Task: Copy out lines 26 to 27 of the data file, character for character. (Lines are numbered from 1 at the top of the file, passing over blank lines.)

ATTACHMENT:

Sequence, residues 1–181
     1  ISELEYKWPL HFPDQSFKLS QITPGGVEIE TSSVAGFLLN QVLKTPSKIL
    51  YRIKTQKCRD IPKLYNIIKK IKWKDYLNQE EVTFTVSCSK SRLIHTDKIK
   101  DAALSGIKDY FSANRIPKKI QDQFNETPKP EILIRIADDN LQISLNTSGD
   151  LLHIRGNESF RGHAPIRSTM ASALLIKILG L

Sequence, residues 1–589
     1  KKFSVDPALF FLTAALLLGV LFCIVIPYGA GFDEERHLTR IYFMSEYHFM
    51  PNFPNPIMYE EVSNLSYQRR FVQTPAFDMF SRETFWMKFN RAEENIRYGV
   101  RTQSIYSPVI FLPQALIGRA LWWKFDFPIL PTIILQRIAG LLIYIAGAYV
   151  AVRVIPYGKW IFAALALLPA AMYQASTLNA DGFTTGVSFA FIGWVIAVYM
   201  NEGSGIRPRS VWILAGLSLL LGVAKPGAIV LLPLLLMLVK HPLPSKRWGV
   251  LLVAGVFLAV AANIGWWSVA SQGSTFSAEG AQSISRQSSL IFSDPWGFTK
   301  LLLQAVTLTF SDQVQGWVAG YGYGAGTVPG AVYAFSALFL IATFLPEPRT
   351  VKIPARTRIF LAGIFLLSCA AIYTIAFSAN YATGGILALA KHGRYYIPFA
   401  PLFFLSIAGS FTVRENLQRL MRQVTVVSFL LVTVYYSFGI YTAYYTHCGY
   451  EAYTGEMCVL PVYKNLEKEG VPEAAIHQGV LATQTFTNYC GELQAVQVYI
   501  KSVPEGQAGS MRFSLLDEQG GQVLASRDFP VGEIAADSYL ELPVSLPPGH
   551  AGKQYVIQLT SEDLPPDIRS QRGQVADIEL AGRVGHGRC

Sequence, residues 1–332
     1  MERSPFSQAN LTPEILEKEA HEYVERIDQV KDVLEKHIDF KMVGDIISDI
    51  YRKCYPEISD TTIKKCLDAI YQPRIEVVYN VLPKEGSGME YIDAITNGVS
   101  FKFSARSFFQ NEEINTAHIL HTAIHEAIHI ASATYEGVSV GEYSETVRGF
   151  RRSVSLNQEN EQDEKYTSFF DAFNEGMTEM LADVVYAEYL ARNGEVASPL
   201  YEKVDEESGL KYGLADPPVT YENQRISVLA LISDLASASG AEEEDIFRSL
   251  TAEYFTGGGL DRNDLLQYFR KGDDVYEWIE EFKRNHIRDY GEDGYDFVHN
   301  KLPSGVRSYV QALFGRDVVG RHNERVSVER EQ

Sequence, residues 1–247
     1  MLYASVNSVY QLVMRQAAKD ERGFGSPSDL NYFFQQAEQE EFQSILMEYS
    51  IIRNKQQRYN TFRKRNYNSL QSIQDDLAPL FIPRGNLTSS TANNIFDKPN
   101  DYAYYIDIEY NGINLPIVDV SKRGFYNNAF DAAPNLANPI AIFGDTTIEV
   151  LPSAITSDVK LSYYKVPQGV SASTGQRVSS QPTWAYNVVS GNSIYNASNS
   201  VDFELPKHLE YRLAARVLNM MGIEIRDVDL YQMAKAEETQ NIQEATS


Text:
   301  KLPSGVRSYV QALFGRDVVG RHNERVSVER EQ

Sequence, residues 1–247